Identity crisis

I’ve been thinking quite a bit about the future, and I’m a little lost.

See, I have come to realize that there are four environmental triggers for my depression:

  1. Stress (getting away from grad school should help with that)
  2. Lack of sunlight (moving to California should help with that)
  3. Being alone
  4. Too much unstructured time

Now, while it is true that I will (finally) be moving in with my husband, I will also not be working outside the home once I get to CA.  Therefore, I will be trading spending around 8 hours with people followed by 5 hours of being alone a day for around 8 hours alone and 5 hours with my husband a day.  Also, instead of having a job where people actually expect me to show up and do work, I will have absolutely no obligation to do any one thing at any specific time.  In other words, I will have alone time and unstructured time coming out my ears.

So, it occurred to me that, in order to prevent myself from becoming unhinged (again), I need a plan for my time in CA. I need to build a structure into my day and I need to make sure that I am either around people or talking on the phone to people or in some way interacting with people while my husband is at work.  Also, my psychiatrist has been trying to get me to exercise for years, and exercise is suppose to help your mood, so I am planning on working out three times a week (which will bring me in contact with people).

And then, there’s my thesis.

After brainstorming about what I need to do, looking up times and locations for things like knitting groups and churches and locating a Curves, I sat down with Google calendar and started putting together a weekly schedule, keeping in mind that I need to get sunlight, interact with people, and have a structure for my day every weekday.  Additionally, I wanted to make sure I continue to do all of the little things I find helpful, like being creative (with knitting and other crafts), keeping in touch via email, reading and writing blogs, and reading books.  And, I decided that working on my thesis for four hours a day wouldn’t be too stressful.  I also decided that I would get up when my husband gets up in the morning, that I wouldn’t work on my thesis or read blogs after he comes home (cuz the whole point of living together is to actually spend time interacting with each other) and that I wanted to make an effort to prepare and eat healthy meals.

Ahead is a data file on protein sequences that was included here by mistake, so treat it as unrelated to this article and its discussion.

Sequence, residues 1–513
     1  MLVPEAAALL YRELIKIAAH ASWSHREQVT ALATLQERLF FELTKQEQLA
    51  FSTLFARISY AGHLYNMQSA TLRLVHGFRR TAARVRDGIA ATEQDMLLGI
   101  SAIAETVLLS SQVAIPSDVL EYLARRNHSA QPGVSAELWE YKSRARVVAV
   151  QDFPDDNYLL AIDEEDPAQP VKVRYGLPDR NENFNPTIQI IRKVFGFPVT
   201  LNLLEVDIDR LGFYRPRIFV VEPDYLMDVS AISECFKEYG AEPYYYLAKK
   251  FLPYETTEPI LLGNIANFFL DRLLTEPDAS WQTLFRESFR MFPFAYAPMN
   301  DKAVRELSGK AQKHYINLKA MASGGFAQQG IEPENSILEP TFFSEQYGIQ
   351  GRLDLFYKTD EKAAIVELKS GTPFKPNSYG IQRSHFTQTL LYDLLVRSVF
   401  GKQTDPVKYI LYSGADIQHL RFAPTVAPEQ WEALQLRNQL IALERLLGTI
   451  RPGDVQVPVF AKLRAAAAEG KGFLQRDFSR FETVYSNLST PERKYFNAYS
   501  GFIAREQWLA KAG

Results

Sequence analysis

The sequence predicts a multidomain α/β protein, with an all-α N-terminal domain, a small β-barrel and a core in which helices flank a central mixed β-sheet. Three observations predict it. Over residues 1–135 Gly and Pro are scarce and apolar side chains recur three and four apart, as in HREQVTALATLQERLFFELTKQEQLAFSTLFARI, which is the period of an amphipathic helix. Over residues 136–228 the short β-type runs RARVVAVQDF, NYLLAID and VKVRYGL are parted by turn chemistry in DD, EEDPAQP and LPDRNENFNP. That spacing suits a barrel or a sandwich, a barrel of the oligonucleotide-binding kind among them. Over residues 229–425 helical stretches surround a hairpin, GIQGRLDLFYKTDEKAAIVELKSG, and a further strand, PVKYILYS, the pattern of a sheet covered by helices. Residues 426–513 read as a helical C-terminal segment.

Right.

Folks, there is not enough time in the day for all of this crap.  Seriously.  I tried fitting it all together within the above guidelines and it just doesn’t work.  Which leads me to wonder:

  1. Will I have to choose between staying sane and finishing my thesis in under a year?
  2. If I really need to do all of that crap to stay sane, will I ever be able to work 40 hours/week again?
  3. If I can’t work 40 hours/week, what the hell am I going to do with my life?
  4. How do I fit into society if I’m prohibited from working full time?

These questions have led me to further wonder:  what is my role when I am no longer a grad student and a bench scientist?  What the hell will I be?  I’m hoping a mom.  But that might not happen right away.  In the meantime, I’ll just be a woman with a PhD who can’t work 40 hours/week because she will go off the deep end.  In summary, if I am at a cocktail party and a person asks me, “So, what do you do?” what will my answer be?

I have no clue.

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Mothers in science

Over at Mrs. Comet Hunter’s place, I found a link to a free online book: Mothers in Science:  64 Ways to Have it All (pdf download).

The book was put together by the Royal Society with this purpose in mind: